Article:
Being in a stressful situation or having an anxiety attack is already hard in itself, so make a conscious effort to keep yourself from thinking these things:
- Thinking without a middle ground.
The problem with this kind of thinking is you're programmed to think that you're either successful or a total failure—there's nothing in between.
- Negative generalization.
Just because one negative experience happened to you, doesn't mean that it will remain that way forever. If you made a fool out of yourself during recitations, don't assume the same thing will happen to you the next time.
- Focusing on the negative.
- Not counting the positive.
Instead of being grateful for the praises you got for delivering a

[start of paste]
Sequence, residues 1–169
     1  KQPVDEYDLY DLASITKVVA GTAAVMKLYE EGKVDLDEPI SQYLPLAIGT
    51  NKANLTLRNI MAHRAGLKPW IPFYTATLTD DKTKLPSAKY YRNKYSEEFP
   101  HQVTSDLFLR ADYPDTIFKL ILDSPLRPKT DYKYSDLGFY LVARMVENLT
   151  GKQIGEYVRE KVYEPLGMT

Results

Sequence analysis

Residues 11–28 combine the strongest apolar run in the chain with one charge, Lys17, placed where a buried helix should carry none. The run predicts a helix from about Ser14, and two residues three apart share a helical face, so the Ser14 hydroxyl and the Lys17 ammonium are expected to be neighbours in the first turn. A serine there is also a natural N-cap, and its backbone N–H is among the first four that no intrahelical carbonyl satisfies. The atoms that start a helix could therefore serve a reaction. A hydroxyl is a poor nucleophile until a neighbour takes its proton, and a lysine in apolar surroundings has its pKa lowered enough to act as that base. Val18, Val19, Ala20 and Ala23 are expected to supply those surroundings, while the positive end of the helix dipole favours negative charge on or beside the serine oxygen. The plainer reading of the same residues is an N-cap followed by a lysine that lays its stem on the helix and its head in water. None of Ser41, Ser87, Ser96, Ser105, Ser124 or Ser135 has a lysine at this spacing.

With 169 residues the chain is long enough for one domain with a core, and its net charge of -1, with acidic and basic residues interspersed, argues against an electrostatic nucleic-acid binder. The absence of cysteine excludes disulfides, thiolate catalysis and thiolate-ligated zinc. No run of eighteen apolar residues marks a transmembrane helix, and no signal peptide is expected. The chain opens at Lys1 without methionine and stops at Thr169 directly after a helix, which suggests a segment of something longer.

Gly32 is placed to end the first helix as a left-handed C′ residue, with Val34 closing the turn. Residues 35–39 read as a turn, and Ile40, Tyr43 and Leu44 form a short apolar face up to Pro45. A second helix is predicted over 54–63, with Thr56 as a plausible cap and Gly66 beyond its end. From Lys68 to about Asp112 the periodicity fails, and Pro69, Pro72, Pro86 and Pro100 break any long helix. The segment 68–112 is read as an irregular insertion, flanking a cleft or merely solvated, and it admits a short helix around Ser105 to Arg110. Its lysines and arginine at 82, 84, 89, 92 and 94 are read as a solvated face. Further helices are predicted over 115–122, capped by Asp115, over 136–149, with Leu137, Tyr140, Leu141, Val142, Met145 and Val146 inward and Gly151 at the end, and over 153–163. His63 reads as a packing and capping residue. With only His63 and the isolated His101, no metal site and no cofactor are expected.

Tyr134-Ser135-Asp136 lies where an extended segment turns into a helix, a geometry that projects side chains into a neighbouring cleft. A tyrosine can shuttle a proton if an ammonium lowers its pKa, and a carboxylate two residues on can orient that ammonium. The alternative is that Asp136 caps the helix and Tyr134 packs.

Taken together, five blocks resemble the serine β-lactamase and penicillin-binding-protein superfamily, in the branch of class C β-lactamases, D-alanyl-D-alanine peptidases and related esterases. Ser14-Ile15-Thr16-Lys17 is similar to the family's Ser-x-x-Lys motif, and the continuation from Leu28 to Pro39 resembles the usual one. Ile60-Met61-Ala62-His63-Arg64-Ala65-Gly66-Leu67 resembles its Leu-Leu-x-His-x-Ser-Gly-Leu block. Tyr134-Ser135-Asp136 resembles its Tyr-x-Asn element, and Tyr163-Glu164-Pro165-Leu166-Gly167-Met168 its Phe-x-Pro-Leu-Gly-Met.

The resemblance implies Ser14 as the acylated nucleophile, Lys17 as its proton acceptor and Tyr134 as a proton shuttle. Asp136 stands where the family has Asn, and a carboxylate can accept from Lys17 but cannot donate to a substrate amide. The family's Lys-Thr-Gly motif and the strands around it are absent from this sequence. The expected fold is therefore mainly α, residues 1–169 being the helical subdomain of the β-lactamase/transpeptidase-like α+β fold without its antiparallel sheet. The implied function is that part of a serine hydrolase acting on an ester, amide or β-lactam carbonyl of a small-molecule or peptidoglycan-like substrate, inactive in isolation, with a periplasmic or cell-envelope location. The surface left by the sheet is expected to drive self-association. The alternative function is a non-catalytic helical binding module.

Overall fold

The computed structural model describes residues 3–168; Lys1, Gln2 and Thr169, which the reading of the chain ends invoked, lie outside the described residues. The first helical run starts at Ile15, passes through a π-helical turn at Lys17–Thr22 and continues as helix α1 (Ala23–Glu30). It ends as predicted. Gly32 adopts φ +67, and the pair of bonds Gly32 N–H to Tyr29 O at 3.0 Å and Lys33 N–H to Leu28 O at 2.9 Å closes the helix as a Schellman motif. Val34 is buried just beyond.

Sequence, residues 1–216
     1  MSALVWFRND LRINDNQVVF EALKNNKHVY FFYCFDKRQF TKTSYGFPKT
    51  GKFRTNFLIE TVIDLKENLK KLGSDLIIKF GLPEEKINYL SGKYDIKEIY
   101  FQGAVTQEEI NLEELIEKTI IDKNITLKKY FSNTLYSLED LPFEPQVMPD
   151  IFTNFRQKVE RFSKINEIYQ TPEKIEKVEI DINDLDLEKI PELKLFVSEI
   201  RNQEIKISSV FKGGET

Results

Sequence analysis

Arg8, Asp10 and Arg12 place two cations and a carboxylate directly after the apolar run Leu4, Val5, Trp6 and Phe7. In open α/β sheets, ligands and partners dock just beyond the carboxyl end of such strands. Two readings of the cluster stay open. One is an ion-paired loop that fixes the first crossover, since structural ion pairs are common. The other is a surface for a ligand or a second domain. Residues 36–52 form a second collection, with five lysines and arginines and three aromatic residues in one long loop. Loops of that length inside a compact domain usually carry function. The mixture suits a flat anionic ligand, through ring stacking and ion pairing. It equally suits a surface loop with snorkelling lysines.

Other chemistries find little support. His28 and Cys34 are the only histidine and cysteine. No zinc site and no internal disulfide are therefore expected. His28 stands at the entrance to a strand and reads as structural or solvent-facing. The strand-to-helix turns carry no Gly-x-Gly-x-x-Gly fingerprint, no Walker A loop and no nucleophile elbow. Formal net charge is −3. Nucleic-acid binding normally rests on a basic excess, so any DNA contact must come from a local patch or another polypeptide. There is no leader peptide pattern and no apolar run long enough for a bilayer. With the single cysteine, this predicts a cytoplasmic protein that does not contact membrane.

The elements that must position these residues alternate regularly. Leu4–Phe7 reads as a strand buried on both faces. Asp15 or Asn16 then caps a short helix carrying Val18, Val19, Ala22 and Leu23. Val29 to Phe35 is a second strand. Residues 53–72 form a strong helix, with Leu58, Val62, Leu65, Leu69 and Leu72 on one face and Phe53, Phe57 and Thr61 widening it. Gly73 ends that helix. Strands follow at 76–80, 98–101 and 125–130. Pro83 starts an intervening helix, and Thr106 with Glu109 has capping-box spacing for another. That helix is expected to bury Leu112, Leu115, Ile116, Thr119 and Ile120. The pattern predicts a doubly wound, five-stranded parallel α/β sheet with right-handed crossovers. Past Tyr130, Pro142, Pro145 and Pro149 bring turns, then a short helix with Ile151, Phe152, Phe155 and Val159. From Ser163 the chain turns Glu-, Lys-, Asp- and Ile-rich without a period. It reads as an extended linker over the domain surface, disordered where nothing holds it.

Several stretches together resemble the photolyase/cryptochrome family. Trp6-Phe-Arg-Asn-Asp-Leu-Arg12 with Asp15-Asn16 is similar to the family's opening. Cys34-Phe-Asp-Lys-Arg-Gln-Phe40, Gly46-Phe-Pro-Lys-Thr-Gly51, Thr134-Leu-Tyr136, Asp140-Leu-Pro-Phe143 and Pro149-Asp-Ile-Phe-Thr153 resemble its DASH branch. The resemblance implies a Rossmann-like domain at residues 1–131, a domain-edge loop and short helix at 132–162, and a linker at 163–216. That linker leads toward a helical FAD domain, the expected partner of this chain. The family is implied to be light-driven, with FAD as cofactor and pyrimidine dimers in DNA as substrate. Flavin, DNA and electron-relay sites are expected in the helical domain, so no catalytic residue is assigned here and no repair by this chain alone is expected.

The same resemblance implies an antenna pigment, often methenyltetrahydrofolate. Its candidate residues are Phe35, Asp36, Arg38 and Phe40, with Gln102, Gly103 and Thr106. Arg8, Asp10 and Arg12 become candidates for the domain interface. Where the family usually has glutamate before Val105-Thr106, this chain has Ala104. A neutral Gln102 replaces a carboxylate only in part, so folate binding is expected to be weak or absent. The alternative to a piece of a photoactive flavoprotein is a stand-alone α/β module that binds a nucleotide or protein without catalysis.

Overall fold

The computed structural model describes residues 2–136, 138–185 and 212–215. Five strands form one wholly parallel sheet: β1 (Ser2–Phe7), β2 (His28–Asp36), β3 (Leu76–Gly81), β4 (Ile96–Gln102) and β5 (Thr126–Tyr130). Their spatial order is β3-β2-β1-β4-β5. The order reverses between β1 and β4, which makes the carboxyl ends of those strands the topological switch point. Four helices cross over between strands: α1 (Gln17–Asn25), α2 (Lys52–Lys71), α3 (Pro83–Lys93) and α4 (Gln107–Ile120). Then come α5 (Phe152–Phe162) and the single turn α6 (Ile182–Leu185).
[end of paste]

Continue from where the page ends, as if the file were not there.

- Making assumptions based on how you feel.
You think a friend's being fake because of the way she handed you the reading materials? Unless you have actual evidence, you've got to stop making these assumptions.
- Expecting the worst.
Nothing fuels anxiety like thinking of the worst thing that could possibly happen, like imagining your thesis get soaked in water on submission day.
- Thinking lowly of yourself.
Whenever you don't succeed at something, you're quick to call yourself names, like "failure," "loser," or "stupid." The funny thing is, you don't do this to other people, so why do it to yourself?
- Blaming yourself.
Has there been a time when someone lost a wallet or a phone and you feel that you were somehow at fault for letting it happen? You think up ways on how you could've prevented it from happening, leaving you anxious and guilty for something you didn't have control over in the first place.
When was the last time you encountered any of these things?